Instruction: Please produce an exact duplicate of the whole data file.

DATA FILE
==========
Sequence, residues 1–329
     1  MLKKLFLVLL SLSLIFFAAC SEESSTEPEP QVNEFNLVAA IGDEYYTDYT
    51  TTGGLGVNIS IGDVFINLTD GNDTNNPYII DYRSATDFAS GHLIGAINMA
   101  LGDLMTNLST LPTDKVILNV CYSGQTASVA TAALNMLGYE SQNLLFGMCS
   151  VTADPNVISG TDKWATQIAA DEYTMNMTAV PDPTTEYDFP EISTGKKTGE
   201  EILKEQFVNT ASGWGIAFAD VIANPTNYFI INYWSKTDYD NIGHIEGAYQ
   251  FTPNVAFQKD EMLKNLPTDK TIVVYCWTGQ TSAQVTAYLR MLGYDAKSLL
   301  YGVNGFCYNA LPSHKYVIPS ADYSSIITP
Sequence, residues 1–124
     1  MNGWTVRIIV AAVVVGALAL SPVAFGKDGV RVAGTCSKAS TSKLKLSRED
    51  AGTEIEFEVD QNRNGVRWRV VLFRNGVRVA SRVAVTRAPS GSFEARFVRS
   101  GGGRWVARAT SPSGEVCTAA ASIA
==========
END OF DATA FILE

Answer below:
Sequence, residues 1–329
     1  MLKKLFLVLL SLSLIFFAAC SEESSTEPEP QVNEFNLVAA IGDEYYTDYT
    51  TTGGLGVNIS IGDVFINLTD GNDTNNPYII DYRSATDFAS GHLIGAINMA
   101  LGDLMTNLST LPTDKVILNV CYSGQTASVA TAALNMLGYE SQNLLFGMCS
   151  VTADPNVISG TDKWATQIAA DEYTMNMTAV PDPTTEYDFP EISTGKKTGE
   201  EILKEQFVNT ASGWGIAFAD VIANPTNYFI INYWSKTDYD NIGHIEGAYQ
   251  FTPNVAFQKD EMLKNLPTDK TIVVYCWTGQ TSAQVTAYLR MLGYDAKSLL
   301  YGVNGFCYNA LPSHKYVIPS ADYSSIITP
Sequence, residues 1–124
     1  MNGWTVRIIV AAVVVGALAL SPVAFGKDGV RVAGTCSKAS TSKLKLSRED
    51  AGTEIEFEVD QNRNGVRWRV VLFRNGVRVA SRVAVTRAPS GSFEARFVRS
   101  GGGRWVARAT SPSGEVCTAA ASIA